Additional information about this, Frank Ifield vinyl art.
Frank Ifield – The Artist
Francis Edward Ifield OAM (born 1937) is a British-Australian country music singer and guitarist who often incorporated yodelling into his music. Born in Warwickshire, England in 1937 to Australian parents the Ifield family returned to Australia in 1948. Ifield returned to the United Kingdom in1959 where he had four number-one hits on the UK Singles Chart with his cover versions of “I Remember You” (May 1962), “Lovesick Blues” (December), “The Wayward Wind” (March 1963) and “Confessin’ That I Love You” (September). In 2003, Ifield was inducted into the Australian Roll of Renown. Ifield was inducted into the ARIA Hall of Fame at the ARIA Music Awards of 2007. In 1986 he contracted pneumonia, which resulted in removal of part of a lung and damage to his vocal cords. He relocated to Sydney in 1988 and was unable to sing or yodel for years as he recovered. In June 2009 he was presented with the Medal of the Order of Australia, “For service to the arts as an entertainer”. He was first married to Gillian Bowden (1965–88) and the couple had two children. His second marriage was to Carole Wood (1992–present). In 2005 he co-wrote his autobiography, I Remember Me: the First 25 Years, with Pauline Halford.
I Remember You – The Song
‘I Remember You’ is a popular song, published in 1941. The music was written by Victor Schertzinger, with lyrics by Johnny Mercer. Australian singer Frank Ifield recorded the song in a yodeling country-music style on 27 May 1962, and his version went to number one on the UK Singles Chart, selling 1.1 million copies in the UK alone. The recording stayed at No.1 for seven weeks. It also reached number five on the U.S. Billboard Hot 100 and number one on the U.S. Easy Listening chart. The Beatles covered the song on stage early in their career, as recorded on an amateur taping made at the Star Club in Hamburg in December 1962.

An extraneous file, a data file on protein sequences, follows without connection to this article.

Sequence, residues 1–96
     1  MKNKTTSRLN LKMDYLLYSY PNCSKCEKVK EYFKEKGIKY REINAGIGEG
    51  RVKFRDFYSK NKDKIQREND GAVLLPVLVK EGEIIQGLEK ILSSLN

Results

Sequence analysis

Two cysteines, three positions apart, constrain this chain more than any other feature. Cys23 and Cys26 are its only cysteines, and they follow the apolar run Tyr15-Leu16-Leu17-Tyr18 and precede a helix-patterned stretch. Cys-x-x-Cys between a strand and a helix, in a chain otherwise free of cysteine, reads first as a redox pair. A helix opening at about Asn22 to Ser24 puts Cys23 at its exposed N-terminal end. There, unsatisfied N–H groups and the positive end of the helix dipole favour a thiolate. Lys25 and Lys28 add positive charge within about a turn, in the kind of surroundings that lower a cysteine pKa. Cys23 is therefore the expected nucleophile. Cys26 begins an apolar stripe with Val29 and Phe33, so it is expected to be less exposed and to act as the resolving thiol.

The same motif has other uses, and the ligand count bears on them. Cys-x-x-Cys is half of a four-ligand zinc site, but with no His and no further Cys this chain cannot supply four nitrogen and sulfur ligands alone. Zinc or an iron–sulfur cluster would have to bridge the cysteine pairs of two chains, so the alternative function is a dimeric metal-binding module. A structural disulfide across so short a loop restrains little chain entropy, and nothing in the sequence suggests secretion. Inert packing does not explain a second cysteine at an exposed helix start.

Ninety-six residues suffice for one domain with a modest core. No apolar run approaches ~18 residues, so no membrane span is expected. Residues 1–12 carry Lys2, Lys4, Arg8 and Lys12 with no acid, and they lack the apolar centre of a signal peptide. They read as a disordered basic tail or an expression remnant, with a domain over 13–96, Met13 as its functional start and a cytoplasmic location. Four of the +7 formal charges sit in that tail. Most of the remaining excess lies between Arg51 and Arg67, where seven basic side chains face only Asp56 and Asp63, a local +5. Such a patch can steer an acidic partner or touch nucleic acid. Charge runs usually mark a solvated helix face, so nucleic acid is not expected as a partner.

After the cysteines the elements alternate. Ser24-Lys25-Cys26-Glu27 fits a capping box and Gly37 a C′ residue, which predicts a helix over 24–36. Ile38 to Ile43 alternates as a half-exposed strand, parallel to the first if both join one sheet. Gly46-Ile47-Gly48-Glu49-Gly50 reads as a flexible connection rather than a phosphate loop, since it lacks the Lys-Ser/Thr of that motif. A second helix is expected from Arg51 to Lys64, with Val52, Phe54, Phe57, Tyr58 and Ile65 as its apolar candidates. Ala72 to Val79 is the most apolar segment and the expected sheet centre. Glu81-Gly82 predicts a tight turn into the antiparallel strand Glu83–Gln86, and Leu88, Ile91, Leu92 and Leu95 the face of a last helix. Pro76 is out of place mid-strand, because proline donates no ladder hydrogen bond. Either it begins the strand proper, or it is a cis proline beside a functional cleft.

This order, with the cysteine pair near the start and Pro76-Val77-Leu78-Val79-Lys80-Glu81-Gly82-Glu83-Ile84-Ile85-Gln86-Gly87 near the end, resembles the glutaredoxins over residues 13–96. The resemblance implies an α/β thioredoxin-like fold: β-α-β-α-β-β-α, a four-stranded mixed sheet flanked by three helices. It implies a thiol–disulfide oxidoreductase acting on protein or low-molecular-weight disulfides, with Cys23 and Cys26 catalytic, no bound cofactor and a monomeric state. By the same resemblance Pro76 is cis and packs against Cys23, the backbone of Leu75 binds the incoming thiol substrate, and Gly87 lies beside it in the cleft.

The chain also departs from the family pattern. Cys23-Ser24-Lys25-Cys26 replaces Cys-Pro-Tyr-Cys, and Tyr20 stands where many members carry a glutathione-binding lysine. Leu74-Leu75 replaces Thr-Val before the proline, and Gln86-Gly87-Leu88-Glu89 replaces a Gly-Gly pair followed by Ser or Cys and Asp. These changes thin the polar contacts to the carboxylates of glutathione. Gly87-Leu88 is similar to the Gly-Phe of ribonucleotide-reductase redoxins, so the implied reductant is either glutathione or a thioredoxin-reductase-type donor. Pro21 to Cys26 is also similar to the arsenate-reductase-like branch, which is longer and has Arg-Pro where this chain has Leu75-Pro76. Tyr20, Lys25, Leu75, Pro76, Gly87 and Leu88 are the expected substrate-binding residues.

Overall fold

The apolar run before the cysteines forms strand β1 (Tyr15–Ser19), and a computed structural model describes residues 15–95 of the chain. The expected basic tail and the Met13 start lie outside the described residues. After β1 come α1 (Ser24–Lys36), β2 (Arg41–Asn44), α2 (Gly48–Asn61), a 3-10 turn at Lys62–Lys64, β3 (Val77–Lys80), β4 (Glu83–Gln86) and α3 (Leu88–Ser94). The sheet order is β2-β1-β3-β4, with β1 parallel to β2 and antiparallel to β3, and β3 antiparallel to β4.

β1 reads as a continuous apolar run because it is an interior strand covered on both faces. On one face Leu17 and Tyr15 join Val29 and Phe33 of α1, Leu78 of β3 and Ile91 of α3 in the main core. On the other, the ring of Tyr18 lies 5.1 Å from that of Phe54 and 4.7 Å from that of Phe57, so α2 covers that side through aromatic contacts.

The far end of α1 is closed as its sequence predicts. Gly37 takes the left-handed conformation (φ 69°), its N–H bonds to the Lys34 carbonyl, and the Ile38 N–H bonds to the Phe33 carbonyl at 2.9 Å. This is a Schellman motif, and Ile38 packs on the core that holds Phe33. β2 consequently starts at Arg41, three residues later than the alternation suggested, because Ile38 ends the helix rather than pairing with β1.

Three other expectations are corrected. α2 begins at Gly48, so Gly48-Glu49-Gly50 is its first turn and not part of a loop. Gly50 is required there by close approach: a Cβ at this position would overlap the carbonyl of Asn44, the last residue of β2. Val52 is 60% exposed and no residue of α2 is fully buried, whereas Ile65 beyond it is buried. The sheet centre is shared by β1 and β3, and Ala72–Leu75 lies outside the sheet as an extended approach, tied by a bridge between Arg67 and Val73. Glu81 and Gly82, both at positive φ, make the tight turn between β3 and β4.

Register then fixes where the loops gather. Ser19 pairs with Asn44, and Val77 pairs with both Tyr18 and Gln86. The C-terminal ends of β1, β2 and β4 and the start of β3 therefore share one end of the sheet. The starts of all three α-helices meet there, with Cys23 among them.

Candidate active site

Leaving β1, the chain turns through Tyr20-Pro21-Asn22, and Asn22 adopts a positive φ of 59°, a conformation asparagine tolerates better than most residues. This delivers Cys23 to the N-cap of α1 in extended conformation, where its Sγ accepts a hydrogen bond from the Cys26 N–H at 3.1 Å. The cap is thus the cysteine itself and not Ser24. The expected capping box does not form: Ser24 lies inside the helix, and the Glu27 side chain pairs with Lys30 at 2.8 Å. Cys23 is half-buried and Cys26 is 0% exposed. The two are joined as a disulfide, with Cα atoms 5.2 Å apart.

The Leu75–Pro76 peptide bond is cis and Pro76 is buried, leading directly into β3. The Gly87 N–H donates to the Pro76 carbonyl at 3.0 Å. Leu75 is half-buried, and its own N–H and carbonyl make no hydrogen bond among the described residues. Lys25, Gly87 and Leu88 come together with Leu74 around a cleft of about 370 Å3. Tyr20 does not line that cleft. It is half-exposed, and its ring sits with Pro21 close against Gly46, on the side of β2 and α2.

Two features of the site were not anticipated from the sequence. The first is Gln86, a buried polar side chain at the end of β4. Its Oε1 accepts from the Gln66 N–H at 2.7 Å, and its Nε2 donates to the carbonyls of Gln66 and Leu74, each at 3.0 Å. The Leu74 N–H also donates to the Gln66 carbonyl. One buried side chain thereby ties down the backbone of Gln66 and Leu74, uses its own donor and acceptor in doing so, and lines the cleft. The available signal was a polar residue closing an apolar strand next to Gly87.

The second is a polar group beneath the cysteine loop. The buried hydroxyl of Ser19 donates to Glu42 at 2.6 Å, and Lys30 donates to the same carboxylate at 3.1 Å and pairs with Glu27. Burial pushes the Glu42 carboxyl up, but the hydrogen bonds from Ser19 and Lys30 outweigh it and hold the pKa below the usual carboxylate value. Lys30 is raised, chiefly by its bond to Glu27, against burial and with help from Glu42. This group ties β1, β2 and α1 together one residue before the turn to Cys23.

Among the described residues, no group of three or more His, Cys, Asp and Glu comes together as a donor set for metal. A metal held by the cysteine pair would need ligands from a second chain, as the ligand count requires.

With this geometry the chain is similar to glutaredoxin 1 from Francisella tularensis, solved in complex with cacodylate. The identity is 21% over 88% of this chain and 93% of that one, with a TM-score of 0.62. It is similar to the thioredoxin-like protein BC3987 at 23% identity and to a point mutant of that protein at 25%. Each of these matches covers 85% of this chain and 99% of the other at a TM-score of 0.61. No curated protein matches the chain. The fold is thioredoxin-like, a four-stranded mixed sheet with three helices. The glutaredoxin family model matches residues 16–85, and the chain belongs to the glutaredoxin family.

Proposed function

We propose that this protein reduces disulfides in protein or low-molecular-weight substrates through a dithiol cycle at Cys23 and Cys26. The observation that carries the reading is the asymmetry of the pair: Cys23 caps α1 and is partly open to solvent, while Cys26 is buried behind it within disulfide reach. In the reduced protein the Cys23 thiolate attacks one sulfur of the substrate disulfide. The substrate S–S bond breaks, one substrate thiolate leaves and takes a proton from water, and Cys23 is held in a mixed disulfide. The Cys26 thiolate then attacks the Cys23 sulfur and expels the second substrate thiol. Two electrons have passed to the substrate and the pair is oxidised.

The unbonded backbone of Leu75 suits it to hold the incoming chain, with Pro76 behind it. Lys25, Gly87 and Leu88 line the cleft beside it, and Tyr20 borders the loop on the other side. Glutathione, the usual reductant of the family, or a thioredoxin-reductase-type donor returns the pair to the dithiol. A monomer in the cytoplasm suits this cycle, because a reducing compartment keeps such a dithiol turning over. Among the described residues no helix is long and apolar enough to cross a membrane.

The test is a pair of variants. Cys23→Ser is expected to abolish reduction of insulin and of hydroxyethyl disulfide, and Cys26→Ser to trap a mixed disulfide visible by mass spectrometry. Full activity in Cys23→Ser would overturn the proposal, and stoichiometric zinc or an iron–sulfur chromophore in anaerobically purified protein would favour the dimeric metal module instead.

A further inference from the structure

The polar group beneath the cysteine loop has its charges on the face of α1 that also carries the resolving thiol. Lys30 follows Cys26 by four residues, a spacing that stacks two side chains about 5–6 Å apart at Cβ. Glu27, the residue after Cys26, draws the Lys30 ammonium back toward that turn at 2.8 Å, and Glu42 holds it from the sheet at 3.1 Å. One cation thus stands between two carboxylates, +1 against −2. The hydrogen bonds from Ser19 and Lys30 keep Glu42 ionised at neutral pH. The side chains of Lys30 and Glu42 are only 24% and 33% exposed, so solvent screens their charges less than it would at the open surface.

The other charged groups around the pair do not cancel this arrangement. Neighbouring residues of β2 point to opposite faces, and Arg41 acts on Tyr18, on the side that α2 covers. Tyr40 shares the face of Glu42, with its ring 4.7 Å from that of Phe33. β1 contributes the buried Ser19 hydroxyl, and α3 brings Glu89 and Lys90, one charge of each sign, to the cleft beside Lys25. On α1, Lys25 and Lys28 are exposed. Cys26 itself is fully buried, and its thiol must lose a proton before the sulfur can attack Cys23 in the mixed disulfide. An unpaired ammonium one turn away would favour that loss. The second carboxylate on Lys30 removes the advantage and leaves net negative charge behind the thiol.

The Elephant – The Shape
This record has been modelled into a cartoon Elephant. Elephants are mammals of the family Elephantidae and the largest existing land animals. Three species are currently recognised: the African bush elephant, the African forest elephant, and the Asian elephant. African elephants have larger ears and concave backs, whereas Asian elephants have smaller ears, and convex or level backs. Distinctive features of all elephants include a long proboscis called a trunk, tusks, large ear flaps, massive legs, and tough but sensitive skin. The trunk is used for breathing, bringing food and water to the mouth, and grasping objects. Tusks, which are derived from the incisor teeth, serve both as weapons and as tools for moving objects and digging. The large ear flaps assist in maintaining a constant body temperature as well as in communication. The pillar-like legs carry their great weight.
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